2) a massive faliure by America's untelligence people has just been miraculously exposed 5 years after the incident itself.

    I don't know which of those senarios scares me more. Goddamn Neocons with their cut-backs / privatisation.

    *delete as prejudiced

  11. Anonymous Coward


    How about just calling them "malicious hackers", or simply "criminals" instead of "crackers", which reminds me of the tiny crunchy goldfish edibles, or uptight Caucasian rednecks in Georgia? The distinction between "hackers", "crackers", and or Chevy "Trackers" is probably lost on the average John Q. Public end-user anyway, much like the difference between "good" and "bad" cholesterol.

    And good luck digging for the truth in this situation. It seems like it's probably just a cascade failure instead of PLO crackers or aliens, or a kid whacking a power pole with a stick. Occam's razor applies here I think.

    It seems to me that if someone is prepared to voice conspiracy theories, that a little substantiated proof would be nice as well, instead of just inciting the herd to stampede.

  12. Ross Killip

    @Julian cox

    I'd always understood cracker = harware, hacker = software (as well as the more usual usage of 'oh, i just hacked it together' code monkey speak )(as i am one, i think i'm allowed to call it)

  13. Steve Mann


    The cause of The Blackout was laid out in a lengthy report, easily findable with Google, which can be summarized as follows:

    1) Take all your knowledgeable senior people and fire them.

    2) Replace them with Bright Young Things with little to no experience in the field of long range power generation and transmission.

    3) Centralize your monitoring in a state-of-the-art computer-controlled facility.

    4) Hire your compuer personnel in line with policy 2.

    5) Place fingers in ears and wait for inevitable results.

    No Chinese Black Hats needed. Just lots of home-grown old-school incompetence and lack of foresight. I have no doubt everyone reading this is familiar with the process.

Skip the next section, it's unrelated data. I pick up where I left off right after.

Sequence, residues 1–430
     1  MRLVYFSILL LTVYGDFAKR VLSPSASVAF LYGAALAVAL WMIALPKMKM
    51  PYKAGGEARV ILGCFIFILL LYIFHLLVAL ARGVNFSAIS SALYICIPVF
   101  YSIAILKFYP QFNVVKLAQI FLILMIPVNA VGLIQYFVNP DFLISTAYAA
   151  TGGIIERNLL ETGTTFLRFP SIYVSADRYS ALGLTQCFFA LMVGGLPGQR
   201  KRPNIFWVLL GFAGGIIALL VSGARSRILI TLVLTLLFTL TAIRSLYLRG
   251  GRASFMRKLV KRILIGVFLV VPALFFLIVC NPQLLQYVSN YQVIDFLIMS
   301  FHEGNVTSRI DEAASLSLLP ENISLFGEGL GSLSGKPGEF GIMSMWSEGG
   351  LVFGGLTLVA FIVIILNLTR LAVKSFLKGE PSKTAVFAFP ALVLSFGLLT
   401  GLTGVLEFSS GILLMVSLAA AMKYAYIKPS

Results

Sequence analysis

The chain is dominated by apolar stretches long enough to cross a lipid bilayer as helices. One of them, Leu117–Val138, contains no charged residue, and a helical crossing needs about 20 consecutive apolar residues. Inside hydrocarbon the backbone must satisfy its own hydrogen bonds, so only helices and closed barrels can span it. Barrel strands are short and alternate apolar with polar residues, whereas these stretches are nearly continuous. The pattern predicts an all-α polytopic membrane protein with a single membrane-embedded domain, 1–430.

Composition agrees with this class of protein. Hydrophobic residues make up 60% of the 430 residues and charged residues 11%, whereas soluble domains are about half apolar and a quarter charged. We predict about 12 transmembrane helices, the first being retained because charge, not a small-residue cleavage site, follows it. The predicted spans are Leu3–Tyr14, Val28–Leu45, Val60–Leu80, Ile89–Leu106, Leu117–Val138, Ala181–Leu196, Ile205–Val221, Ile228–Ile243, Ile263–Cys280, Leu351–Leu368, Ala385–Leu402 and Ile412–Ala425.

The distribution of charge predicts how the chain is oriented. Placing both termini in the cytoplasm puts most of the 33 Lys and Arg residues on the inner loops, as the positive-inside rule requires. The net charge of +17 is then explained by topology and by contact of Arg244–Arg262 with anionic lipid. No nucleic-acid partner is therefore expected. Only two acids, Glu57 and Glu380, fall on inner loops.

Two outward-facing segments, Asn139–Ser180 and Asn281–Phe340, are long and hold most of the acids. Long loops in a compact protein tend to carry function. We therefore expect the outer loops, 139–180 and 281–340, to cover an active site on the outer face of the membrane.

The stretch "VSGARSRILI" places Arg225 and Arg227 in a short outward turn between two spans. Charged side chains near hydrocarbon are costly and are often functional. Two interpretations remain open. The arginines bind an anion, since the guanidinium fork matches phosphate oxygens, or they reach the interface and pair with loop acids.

Note that by computerizing the control infrastructure, then hiring people to manage the computers who had not the faintest idea of the relevance of their operation in the world outside, a potentially serious situation was made into a disaster. The server that provided the monitoring displays had hung, and the extended process of bringing it up was obviously one of fixing a computer NOT of restoring vital monitor functions to the control center for the power distribution over a huge area of Ohio. Phone calls came in from outlying regions saying "We're observing shorts in the power lines" and a quick look at the (malfunctioning) computer-generated gauges produced the reply "We're not seeing a problem. You must be mistaken."

    Gotta love that bottom line thinking that got rid of the only people who knew what they were doing ALL the time, not just when things weren't about to get broken big time.

    But yeah, much more comfortable to go with mythical "Chinese Hackers". I'm only surprised they weren't the hated French.

  14. Anonymous Coward
    Anonymous Coward

    Chinese whispers

    Thats why its been kept hush hush so far...

    "And wtf is up with that bloody survey popup? How many times am I supposed to fill it in?" - FireFox with NoScript = none ;)

  15. Jolyon Ralph

    Hackers vs Crackers and all that nonsense

    So, a hacker could be someone who hacks into networks, or it could be a hairy linux programmer. The usage depends on the context. Does it really matter? Was anyone truly confused about the usage in this context?

    For me anyway, Crackers are people who remove software protection from commercial software, rather than Hackers, who log into networks without permission. I've always thought it odd that the term 'Crackers' was misused as well without people moaning as they do about 'Hackers'.

    I'll stop complaining about the misuse of the term 'Cracker' if everyone else stops moaning about the right usage for 'Hacker'.

    Ok? :)

  16. Anonymous Coward

    Sounds like a dry run

    for shutting down illicit torrenting of Beijing Olympics coverage

  17. Unlimited


    I thought "hacker" was a general term for thereg journalists

  18. Anonymous Coward

    Hackers vs Crackers: the definitive answer.

    A "hacker" is someone who is skilled in the art of manipulating automated systems, whether legitimately or illegitimately, whether by programming or by feeding input to them, whether by supplying valid or invalid data or whatever; it's about having technical chops, the curiosity and persistence to go taking things apart to find out how they work, and a logical mind.

    Whereas a "cracker" is a redneck hillbilly from the deep south USA.